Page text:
Patience and Peace: An Interview with Tyler Holmes
Tyler Holmes’ music sits on the precipice between the cathartic vitriol of self-expression and the warm blanket of universalism and empathy. Alongside some of their most stunning compositions and songs to date, such a dichotomy defines their new LP, Nightmare in Paradise. Reckoning primarily with two major life events—the dissolution of a five-year relationship and the resultant PTSD from a catastrophic experience while on tour in Puerto Rico—and featuring over a dozen collaborators including cellist Peekaboo, vocalist Maya Songbird and flautist Mitch Stahlman, the album possesses a sacredness, a hushed sense of power driving Holmes’ search for safety, comfort and healing.
While Holmes music has always dealt in open textures—the echoing electropop of S P O R T, the 17-minute drone piece that closes 2019’s Devil—Nightmare finds the artist working with space more than ever. “Since the underlying concept is trying to find a space of healing or calmness in such turmoil and turbulence, I think that’s good that that’s reflected on the record,” Holmes says. “It’s me trying to find a quiet place to create this clarity. When you have the space to talk about the issues or to think about them, you can see all the noise, you can see all the detritus. It makes the noise clearer and makes the static louder.”
With any and all excess cut away, Holmes’ ever-flexible voice finds every open pocket within the noise and spreads out a narrative canvas unbound from time, place or person. “I’m weird, and I want the[se songs] to express whatever weird thing I’m going through, but I also want other people to be able to take parts and be like, oh this is relevant to me in whatever meaning it is,” says Holmes. “I’m not using times of day, I don’t use too many direct signifiers like streets or names of places, because I want it to be a little more abstract and open-ended.” When they do concede to firm references—flights between San Francisco and L.A. on “Heart Token,” sleeping on a hospital floor in Puerto Rico on the electrified doowop cut “Nightmare in Paradise”—the effect is crushing, like suddenly finding a firm foothold amid the album’s journey through fog and shaky ground.
“When you have the space to talk about the issues or to think about them, you can see all the noise, you can see all the detritus.”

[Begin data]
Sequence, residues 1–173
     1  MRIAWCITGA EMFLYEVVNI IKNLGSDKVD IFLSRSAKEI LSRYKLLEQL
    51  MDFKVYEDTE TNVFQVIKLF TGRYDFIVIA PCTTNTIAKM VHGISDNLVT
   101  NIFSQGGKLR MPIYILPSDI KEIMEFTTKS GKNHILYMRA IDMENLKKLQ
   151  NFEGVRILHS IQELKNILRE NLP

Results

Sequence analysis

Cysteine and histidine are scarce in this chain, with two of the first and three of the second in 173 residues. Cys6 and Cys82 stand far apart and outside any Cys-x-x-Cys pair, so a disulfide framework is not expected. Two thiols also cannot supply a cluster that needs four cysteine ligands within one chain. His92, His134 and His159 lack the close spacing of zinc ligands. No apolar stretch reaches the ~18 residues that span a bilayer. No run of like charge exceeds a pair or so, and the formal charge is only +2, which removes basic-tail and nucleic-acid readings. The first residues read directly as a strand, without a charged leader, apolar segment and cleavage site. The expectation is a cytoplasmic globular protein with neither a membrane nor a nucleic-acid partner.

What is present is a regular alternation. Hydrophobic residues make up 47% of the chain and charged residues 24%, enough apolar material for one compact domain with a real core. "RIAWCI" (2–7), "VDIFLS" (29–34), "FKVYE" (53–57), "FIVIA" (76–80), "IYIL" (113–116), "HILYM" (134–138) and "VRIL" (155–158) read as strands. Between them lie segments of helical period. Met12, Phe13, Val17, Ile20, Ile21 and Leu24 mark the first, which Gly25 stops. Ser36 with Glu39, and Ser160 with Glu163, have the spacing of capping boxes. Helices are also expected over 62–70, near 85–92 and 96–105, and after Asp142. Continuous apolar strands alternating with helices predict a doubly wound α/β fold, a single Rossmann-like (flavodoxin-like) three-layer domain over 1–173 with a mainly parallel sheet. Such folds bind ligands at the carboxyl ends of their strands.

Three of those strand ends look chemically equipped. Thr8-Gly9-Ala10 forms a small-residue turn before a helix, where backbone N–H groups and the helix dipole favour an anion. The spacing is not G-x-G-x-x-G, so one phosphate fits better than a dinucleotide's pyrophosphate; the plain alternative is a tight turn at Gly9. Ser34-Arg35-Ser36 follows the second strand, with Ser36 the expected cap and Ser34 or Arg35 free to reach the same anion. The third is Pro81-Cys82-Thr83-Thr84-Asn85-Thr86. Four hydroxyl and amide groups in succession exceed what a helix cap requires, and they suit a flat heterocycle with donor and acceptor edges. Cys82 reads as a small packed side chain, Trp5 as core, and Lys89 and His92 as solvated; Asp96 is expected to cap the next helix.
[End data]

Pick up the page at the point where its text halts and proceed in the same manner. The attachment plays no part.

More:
Part of attaining this fluidity between autobiography and generalized poeticism comes from the versatility in Holmes’ voice and vocal production. “I can embody these characters or these deep parts of my personality that are really hard to intellectualize,” they say of their use of different tonalities, effects and layering combinations in their singing. “Having different voices and spirits is helpful for that.” They point to a host of different personalities and vantage points from which their songs stem: “Sarcastic, insidious” and self-effacing, as on 2020’s experimental club banger “Nothin;” the soft and layered approach to spiritual balladry on Nightmare tracks such as “Song” and “Eden;” the “bratty” nature of their slurred delivery on the grunge-inflected “The Girl You Knew.”
Often, these varying perspectives and personas exist to enrich Holmes’ internal processing of the stories and experiences at the heart of their songs. “A lot of the time I’m saying ‘she’ or ‘her,’ I’m often referring to myself in a very pure way,” Holmes says. “The way I play with gender most freely is with my voice and with song.” This reflexivity, this desire to commune with the truest self, guides Nightmare‘s lead single, “Confuse Me.” Atop the steady pulse of a stuttering keyboard chorus, Holmes reveres the growth inherent in the passage of time: “Engorged with hope and ripe / Petals blushing with perfume / Brought the dead girl back to life / All her beauty has been exhumed,” they sing, drawing upon the slow churn of nature’s cycles to mirror the evolution—both painful and positive—taking place across the album.
“I can embody these characters or these deep parts of my personality that are really hard to intellectualize.”
More than anything, Nightmare in Paradise reads like a real-time reckoning with these forces of change and movement. Holmes describes their state prior to and during the making of the album as “a really confused place of pain and not knowing how to love myself or take care of myself … I’ve felt so bad in my life a lot, and I definitely felt some of the worst I’ve felt then—physically, mentally and emotionally.” The music chronicles both the realities of this pain and the coalescing power of selfhood that led Holmes along the path to peace. “Emotionally, physically, mentally, spiritually, I’ve changed by leagues, and I’m trying to become the best and healthiest version of myself. This album is a document [of that] for sure,” they say. And that documentation can take many forms: tossing out old versions of self on “The Girl You Knew,” channeling the biblical loss of innocence on “Eden” or visualizing this metamorphosis with gritty, gruesome detail on “Guts.”
Nightmare in Paradise closes with the stoic “Canvas,” a track full of layered acoustic guitar shimmering in rivers of arpeggios and Holmes’ most fragile vocal performance on the whole album. “I think the main thing that song really is about is patience,” they say, adding that embracing such a state remains one of their biggest hurdles to overcome. While the song was originally written as an ode to their lost relationship, Holmes finds traces of the album’s defining sense of abstraction here, as well: “To whatever thing that I want or need, there’s a path to it, and I have to be patient with myself to get there,” they say. “More than anything else, patient with myself and realistic about my needs and desires.”
I’m packing all my memories of you
Fishing line to you, Dear
And don’t fear
I’ll be here